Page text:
But the next thing you know, Crazy Jazz is sitting in, like, a supply closet, listening to a taped confrontation, which, thanks to the miracle of television, we at home get to watch. Somewhere, on a dock in the middle of nowhere -- presumably, because it seems misguided for the Mafia to beat the shit out of some guy on a dock in the middle of a residential-type waterway -- Malloy and his Two Boring Old Indistinguishable Flunkies are putting the screws to some poor dude with a bag over his head. "Four Days Earlier," the title cards tell us. Anyway, the Two Boring Old Indistinguishable Flunkies would like to know who supplied Baghead with the "crack they found on little Jimmy." "Little Jimmy"? What is this, a particularly dark episode of Lassie? (I know, I know, that's Little Timmy, but it's the same tone.) Baghead won't talk, and Malloy wheezes that he admires this, because "loyalty is the cornerstone of the business," and I guess this would all be menacing if these lines were coming out of someone who actually seemed menacing -- James Gandolfini springs to mind, or Bobby Cannavale in his Kingpin mode -- but, I'm sorry, David Paymer, I loved you in Quiz Show, but I just do not buy you as the head of a Mafia family and I am frankly surprised that ABC didn't ask to have this role recast. Anyway, Malloy wants to know whom Baghead is being loyal to. Baghead is silent. So Malloy bangs him on the head with a metal pipe. "I'm loyal to my nephew Jimmy," he quivers. "Now, who do you work for?" Yeah, that was a lot more effective when Kiefer Sutherland yelled it. Also, the median age of the Mafiosos on the dock is, like, sixty-five. I have a feeling that Baghead could probably outrun the three of them with the chair still tied to his ass.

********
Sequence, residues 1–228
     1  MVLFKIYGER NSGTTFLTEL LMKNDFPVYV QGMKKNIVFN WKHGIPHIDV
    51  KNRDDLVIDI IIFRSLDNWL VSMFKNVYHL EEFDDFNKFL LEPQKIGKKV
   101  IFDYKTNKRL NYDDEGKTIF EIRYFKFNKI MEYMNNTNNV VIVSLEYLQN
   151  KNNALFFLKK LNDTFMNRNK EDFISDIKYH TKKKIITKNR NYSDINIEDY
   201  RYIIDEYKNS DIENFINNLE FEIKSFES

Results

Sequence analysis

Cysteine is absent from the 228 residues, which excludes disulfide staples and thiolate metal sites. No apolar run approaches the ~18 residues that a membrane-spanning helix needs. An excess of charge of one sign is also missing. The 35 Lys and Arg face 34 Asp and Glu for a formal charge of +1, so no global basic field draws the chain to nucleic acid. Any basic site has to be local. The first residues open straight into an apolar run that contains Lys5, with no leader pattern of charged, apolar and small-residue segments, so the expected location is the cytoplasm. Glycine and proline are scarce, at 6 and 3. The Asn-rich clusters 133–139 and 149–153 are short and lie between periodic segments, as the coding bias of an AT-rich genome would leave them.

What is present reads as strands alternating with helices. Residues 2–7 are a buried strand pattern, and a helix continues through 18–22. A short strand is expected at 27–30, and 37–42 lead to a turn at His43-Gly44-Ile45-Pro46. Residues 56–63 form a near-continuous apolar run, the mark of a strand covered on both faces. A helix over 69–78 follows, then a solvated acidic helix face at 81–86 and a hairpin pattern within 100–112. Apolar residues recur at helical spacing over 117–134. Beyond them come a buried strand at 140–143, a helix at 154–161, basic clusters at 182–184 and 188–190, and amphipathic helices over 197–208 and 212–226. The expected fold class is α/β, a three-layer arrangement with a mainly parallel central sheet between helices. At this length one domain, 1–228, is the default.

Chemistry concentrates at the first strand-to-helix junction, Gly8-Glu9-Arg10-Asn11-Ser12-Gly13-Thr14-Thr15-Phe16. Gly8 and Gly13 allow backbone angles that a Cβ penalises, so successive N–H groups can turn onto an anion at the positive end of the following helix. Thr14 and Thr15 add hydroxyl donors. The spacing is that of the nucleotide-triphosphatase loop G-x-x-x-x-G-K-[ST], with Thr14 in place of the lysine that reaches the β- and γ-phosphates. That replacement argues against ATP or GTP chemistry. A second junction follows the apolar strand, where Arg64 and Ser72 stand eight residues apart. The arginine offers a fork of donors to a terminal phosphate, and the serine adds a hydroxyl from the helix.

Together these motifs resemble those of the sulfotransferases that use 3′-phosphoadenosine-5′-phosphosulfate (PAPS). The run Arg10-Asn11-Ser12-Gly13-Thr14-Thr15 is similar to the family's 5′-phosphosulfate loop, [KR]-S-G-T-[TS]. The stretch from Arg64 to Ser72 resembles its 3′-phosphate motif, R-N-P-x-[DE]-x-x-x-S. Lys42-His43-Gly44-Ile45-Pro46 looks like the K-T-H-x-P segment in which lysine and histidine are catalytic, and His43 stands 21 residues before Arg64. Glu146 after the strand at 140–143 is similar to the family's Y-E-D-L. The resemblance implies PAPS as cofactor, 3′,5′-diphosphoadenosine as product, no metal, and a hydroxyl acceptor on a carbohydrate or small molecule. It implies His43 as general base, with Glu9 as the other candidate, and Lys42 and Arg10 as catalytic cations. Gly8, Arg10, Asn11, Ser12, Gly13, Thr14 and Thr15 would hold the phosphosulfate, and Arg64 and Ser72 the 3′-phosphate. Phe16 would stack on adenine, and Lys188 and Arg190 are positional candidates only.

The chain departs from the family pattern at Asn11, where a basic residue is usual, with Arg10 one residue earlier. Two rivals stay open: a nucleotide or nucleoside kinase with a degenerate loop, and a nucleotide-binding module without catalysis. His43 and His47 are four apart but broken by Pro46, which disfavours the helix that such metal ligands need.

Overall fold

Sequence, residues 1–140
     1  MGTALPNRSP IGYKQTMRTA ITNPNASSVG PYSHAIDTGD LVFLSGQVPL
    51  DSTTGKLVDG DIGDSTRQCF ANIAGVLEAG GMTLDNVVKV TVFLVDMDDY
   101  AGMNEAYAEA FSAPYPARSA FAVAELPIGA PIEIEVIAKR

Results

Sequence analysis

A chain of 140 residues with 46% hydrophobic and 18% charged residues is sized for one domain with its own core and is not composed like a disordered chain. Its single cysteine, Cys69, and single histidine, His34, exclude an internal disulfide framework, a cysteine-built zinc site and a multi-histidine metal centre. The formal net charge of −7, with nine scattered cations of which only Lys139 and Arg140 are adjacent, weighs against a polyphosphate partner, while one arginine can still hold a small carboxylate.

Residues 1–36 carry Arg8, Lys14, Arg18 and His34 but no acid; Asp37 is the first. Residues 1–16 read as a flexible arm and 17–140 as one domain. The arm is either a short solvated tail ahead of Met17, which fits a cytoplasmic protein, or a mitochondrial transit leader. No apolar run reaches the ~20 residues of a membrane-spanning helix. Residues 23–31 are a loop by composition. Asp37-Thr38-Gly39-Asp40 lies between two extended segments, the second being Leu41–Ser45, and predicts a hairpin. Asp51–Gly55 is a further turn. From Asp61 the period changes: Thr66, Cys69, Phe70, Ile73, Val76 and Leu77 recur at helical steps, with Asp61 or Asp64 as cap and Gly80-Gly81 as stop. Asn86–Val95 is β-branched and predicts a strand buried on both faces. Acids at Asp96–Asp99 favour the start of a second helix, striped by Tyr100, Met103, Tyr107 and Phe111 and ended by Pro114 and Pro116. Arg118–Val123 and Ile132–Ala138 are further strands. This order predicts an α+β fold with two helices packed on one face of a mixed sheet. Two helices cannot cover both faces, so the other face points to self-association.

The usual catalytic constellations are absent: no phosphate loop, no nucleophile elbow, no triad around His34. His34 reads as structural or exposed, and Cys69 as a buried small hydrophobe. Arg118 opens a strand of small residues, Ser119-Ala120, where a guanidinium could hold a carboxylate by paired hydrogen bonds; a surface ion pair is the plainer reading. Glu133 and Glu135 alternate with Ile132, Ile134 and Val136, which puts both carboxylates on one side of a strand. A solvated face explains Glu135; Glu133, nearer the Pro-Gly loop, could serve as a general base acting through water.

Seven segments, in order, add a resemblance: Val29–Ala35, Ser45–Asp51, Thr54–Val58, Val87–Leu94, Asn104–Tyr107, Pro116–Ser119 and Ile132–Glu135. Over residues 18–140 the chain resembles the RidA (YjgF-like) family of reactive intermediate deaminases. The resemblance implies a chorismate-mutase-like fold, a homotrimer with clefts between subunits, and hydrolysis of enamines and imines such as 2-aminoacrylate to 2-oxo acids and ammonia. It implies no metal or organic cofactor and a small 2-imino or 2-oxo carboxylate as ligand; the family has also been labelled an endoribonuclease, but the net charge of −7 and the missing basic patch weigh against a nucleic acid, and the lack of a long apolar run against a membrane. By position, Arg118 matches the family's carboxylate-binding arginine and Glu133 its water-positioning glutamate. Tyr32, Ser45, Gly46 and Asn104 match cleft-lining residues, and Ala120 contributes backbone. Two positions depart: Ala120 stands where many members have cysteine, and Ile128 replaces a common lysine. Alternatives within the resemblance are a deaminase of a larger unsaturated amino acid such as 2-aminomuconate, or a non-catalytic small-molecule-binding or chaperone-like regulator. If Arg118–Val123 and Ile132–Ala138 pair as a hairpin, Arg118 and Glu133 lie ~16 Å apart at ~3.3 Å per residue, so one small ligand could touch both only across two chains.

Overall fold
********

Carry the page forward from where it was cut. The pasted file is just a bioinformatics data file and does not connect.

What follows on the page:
Line of Fire
Episode Report CardJessica: C | 425 USERS: C+
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Line of Fire